Spine Patient Outcomes Research Trial (SPORT) - Intervertebral Disc Herniation

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Dartmouth Health

Status and phase

Phase 4


Herniated Disc
Low Back Pain


Procedure: Non-surgical treatments
Procedure: Diskectomy

Study type


Funder types

Other U.S. Federal agency


U01AR045444 (U.S. NIH Grant/Contract)
U01 AR45444 NIAMS-004C

Details and patient eligibility


This study tests the effectiveness of different treatments for the three most commonly diagnosed lumbar (lower) spine conditions. The purpose of the study is to learn which of two commonly prescribed treatments (surgery and non-surgical therapy) works better for specific types of low back pain. In this part of the study, people with lumbar intervertebral disc herniation (damage to the tissue between the bones of the lower spine, or backbone) will receive either discectomy (surgical removal of herniated disc material) or non-surgical treatment. This study does not cover the cost of treatment.

Full description

Low back pain is considered one of the most widely experienced health problems in the United States and the world. This condition is the second most frequent condition, after the common cold, for which people see a physician or lose days from work. Estimated costs to those who are severely disabled from low back pain range from $30-70 billion annually. Rates of spinal surgery in the U.S. have increased sharply over time, and researchers have documented 15-fold geographic variation in rates of these surgeries. In many cases, where one lives and who one sees for the problem appear to determine the rates of surgery. Despite these trends, there is little evidence proving the effectiveness of these therapies over non-surgical management. Overall, the SPORT study is a multicenter, randomized, controlled trial for the three most common diagnostic groups for which spine surgery is performed: lumbar intervertebral disc herniation (IDH), spinal stenosis (SpS) and spinal stenosis secondary to degenerative spondylolisthesis (DS). This arm of the trial will deal with patients from the first diagnostic group. The study will compare the most commonly used standard surgical treatments to the most commonly used standard non-surgical treatments. We will conduct the study at 12 sites throughout the United States. The primary endpoint of the study will be changes in health-related quality of life as measured by the SF-36 health status questionnaire. Secondary endpoints will include patient satisfaction with treatment, utility for current health in order to estimate quality-adjusted life years (QALYS) as the measure for cost-effectiveness, resource use, and cost. We will follow patients at 6 weeks and 3, 6, 12, and 24 months to determine their health status, function, satisfaction, and use of health care. In this arm of the trial, we anticipate enrolling and randomly allocating a total of 500 participants. We will track an additional observational cohort to assess health and resource outcomes (1000 participants). Enrollment in the Observational cohort has been completed as of February 2003. We will integrate data from the trial and observational cohorts to formally estimate the cost-effectiveness of surgical versus non-surgical interventions for IDH, SpS, and DS. On the basis of the results of this trial we will, for the first time, have scientific evidence as to the relative effectiveness of surgical versus non-surgical treatment for these three most commonly diagnosed lumbar spine conditions.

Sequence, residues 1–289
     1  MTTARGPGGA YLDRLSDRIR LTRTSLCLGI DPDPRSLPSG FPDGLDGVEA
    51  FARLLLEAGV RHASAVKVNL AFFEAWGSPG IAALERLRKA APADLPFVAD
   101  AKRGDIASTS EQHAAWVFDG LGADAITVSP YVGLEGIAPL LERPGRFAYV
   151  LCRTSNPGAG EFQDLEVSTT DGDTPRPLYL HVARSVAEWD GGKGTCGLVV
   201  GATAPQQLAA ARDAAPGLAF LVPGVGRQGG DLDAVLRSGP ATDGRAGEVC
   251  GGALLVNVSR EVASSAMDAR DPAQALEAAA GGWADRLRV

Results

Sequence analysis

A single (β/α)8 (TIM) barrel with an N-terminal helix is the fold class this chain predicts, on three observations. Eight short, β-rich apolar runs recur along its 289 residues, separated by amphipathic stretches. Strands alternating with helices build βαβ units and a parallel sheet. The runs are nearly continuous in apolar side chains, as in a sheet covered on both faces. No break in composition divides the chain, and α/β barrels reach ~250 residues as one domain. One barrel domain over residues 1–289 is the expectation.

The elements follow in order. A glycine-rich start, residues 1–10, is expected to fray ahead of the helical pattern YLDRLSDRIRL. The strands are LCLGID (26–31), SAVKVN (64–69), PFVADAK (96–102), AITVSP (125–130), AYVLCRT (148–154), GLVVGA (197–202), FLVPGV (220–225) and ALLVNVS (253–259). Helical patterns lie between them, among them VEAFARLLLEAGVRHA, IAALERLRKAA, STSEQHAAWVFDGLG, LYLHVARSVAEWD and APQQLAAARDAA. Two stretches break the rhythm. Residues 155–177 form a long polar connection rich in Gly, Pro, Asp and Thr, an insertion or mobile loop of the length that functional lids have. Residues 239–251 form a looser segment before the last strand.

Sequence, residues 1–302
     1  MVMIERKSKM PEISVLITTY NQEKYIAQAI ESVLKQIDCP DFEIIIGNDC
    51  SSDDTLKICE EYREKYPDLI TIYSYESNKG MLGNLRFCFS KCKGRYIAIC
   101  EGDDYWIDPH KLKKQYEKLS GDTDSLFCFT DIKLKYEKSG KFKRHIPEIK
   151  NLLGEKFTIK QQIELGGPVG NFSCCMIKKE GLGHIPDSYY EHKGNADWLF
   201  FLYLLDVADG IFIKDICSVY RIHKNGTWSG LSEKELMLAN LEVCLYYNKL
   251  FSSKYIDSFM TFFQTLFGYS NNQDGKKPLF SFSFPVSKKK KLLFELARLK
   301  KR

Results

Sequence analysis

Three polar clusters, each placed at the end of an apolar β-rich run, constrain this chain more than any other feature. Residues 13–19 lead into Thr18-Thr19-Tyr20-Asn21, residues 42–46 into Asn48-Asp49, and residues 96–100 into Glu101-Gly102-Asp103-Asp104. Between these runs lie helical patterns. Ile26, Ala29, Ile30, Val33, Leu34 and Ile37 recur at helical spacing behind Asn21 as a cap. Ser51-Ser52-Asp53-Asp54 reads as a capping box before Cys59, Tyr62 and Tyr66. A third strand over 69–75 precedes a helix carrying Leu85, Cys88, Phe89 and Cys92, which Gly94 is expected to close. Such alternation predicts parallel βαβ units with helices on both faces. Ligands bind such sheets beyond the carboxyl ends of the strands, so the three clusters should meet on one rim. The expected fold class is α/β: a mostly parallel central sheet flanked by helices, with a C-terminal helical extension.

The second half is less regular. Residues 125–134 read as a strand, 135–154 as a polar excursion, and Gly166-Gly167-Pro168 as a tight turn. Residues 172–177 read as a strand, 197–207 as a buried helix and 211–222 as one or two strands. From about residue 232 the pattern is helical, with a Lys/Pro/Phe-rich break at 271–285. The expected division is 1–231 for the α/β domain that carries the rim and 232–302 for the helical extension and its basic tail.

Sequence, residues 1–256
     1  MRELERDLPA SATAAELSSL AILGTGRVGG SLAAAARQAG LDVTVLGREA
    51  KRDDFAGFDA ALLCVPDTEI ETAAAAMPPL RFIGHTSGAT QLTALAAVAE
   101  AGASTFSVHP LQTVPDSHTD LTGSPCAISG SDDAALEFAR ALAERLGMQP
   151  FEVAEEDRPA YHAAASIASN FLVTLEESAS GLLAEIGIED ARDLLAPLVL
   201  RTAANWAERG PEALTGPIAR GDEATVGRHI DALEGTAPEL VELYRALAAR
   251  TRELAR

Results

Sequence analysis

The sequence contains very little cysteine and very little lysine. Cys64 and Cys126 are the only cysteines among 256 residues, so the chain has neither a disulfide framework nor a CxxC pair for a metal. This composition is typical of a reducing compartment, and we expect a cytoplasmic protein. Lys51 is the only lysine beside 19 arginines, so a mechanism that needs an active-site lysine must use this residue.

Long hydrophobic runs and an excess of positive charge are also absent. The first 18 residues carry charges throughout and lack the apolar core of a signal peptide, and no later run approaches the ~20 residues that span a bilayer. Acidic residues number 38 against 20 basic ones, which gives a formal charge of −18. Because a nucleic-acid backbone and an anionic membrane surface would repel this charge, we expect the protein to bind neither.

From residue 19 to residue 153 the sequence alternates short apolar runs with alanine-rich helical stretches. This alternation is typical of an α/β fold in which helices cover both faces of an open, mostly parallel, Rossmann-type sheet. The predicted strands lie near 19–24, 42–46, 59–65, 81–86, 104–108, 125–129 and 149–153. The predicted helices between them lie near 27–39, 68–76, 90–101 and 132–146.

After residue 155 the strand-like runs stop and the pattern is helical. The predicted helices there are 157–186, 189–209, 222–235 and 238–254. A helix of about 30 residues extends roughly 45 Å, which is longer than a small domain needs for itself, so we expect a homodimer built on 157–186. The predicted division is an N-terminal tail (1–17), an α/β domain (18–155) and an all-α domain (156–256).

501 patients




18+ years old


No Healthy Volunteers

Inclusion criteria

  • Duration of symptoms: 6 or more weeks.
  • Treatments tried: Non-steroidal anti-inflammatory medical therapy and physical therapy.
  • Surgical screening: Persistent radicular pain provoked by moderate exercise, sitting, increased abdominal pressure, decreased mobility, list (scoliosis), straight leg raising.
  • Tests: MRI to confirm diagnosis and level(s).

Exclusion criteria

  • Previous lumbar spine surgery.
  • Not a surgical candidate for any of these reasons: Overall health which makes spinal surgery too life-threatening to be an appropriate alternative, dramatic improvement with conservative care, or inability (for any reason) to undergo surgery within 6 months.
  • Possible pregnancy.
  • Active malignancy: A patient with a history of any invasive malignancy (except non-melanoma skin cancer) is ineligible unless he or she has been treated with a curative intent AND there has been no clinical signs or symptoms of the malignancy for at least 5 years.
  • Current fracture, infection, and/or deformity (greater than 15 degrees of lumbar scoliosis, using Cobb measure technique) of the spine.
  • Age less than 18 years.
  • Cauda Equina syndrome or progressive neurological deficit (usually requiring urgent surgery).
  • Unavailability for follow-up (planning to move, no telephone, etc.) or inability to complete data surveys.
  • Symptoms less than 6 weeks.
  • Patient currently enrolled in any experimental "spine related" study.

Trial design

Primary purpose




Interventional model

Parallel Assignment


None (Open label)

501 participants in 2 patient groups

Active Comparator group
Procedure: Diskectomy
Procedure: Non-surgical treatments
Non-surgical intervention
Active Comparator group
Non-surgical treatments
Procedure: Non-surgical treatments

Trial contacts and locations



Data sourced from clinicaltrials.gov

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